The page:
32 of 40 chronically ill have spirochetes in their blood

JBB

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Nobel prize nominee Dr Lida Mattman has found spirochetes in MS, Fibro and ALS...why is it so difficult to believe that ME / CFS is not dissimilar. All the naysayers just seem to shout "there's no evidence, the tests are unreliable" while having read very little about Lyme disease. According to one LLMD 80% of his patients make it to near remission (unfortunately many relapse). He uses IGeneX testing. Shouldn't anyone with ME / CFS be wondering what's going on, researching Lyme, getting on Lyme forums to see for themselves? Anyway there will be a study within about a year on this exact subject (I can almost guarantee it) coming out of the UK and with excellent study design so we'll thankfully all be able to put it to rest soon. I think that alone says something important.
 
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This group apparently had no trouble finding evidence of borreliosis.
So is this method valid for finding evidence of borreliosis, or not? Are we to only use the official and notoriously flawed official tests? Apparently what appears in their video and photos means nothing, right? Honest question.
 

barbc56

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So is this method valid for finding evidence of borreliosis, or not? Are we to only use the official and notoriously flawed official tests? Apparently what appears in their video and photos means nothing, right? Honest question.
If this study is replicated. But the study was carried out by a blogger who is biased. Unfortunately, biased as his wife is extremely ill so can understand the desperation. The study has not been published.

What I don't understand is the dismissal of the the usual tests and I think there is merit that these tests are limited and a clinical diagnosis needs to be added. But this "study" has a lot more questions that need to be answered but it doesn't appear the same level of scrutiny is applied here.

The theory may be correct but there isn't enough evidence to say either way.

Just an observation that I may be misinterpreting.
 

halcyon

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So is this method valid for finding evidence of borreliosis, or not? Are we to only use the official and notoriously flawed official tests? Apparently what appears in their video and photos means nothing, right? Honest question.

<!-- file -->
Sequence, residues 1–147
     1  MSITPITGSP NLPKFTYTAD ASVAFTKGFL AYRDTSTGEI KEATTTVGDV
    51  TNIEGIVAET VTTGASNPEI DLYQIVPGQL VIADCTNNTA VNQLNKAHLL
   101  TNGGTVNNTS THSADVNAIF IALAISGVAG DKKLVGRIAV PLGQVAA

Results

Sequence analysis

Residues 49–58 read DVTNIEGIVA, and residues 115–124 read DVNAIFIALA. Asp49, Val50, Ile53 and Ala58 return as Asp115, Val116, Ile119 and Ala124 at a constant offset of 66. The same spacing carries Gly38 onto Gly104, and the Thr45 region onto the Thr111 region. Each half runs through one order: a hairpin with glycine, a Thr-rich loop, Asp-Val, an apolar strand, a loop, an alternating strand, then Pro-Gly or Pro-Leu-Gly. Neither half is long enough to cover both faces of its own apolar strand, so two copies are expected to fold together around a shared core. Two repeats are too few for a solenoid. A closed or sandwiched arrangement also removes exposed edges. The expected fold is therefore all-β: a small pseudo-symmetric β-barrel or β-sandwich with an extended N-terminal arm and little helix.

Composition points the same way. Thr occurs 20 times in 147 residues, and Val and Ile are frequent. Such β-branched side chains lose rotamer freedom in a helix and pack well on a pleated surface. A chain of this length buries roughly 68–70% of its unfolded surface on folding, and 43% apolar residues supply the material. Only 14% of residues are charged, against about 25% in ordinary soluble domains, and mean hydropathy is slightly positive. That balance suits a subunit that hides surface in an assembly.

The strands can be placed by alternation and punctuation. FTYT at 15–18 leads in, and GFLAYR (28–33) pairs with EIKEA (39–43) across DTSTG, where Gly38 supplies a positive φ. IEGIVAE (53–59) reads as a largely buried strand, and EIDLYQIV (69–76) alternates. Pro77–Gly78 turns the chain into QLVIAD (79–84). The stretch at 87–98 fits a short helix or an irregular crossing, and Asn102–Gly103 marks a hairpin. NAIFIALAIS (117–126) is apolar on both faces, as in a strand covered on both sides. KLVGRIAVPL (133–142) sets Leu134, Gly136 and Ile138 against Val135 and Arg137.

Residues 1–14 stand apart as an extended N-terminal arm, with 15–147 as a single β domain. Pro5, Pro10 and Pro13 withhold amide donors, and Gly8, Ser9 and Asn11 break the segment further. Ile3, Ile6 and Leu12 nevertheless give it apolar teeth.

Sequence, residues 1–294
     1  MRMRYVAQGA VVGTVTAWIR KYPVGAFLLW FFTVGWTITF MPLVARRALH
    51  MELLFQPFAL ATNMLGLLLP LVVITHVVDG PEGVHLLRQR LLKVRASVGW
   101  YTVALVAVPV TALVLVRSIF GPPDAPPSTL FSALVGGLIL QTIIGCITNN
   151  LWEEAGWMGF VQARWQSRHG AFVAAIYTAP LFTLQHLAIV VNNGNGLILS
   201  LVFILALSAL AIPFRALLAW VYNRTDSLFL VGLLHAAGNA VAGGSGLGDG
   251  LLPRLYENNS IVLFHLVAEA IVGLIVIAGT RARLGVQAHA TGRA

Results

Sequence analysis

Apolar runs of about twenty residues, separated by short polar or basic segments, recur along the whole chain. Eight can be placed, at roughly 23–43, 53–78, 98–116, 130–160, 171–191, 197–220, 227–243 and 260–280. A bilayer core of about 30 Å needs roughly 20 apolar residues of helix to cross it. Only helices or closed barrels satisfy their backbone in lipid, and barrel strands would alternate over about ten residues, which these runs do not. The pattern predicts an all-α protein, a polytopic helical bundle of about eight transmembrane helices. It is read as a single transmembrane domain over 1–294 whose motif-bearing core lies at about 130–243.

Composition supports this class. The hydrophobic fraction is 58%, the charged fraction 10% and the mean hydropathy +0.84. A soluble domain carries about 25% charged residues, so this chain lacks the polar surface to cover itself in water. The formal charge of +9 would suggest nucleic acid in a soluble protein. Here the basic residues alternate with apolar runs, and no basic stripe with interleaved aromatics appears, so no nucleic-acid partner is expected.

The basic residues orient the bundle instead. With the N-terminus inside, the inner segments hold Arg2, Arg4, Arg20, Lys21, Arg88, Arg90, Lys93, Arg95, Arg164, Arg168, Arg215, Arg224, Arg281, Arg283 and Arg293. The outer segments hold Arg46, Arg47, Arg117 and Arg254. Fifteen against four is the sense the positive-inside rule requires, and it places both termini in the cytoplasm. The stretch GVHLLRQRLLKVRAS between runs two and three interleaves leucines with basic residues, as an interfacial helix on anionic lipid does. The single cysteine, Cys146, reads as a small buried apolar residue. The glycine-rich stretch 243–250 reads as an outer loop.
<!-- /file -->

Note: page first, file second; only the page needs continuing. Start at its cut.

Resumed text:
I have the same question. How did this group find it so easily while others cannot?

My point is simply that if the causal agent can be found, then the diagnosis (and treatment) becomes more clear. If you find Borrelia spp. in the blood then the diagnosis is Lyme borreliosis, not ME/CFS. It would make no sense to throw these people into a nebulous ragbag diagnosis that is being treated with Valcyte, rintatolimod, or god forbid, rituximab. These people need antibiotics.
 
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What I don't understand is the dismissal of the the usual tests and I think there is merit that these tests are limited and a clinical diagnosis needs to be added.
It's simple and you know the answer: because the standard tests for Lyme have been proven to miss up to 50% of true positives. It's a testing method that was initially designed for keeping statistics on the bizarre disease that was spreading in Lyme, CT in the late 70s, but was adopted for clinical diagnosis despite how faulty they are.

Let me reverse it: since the tests have been proven to be unreliable and wrecked countless people's lives because of late detection and delayed treatment, why keep relying on them? Why does it seem impossible to get past these unreliable tests? You have also decried any new methodologies that seem more sensitive (like IgeneX or LTT). Why so much reliance on a proven faulty test?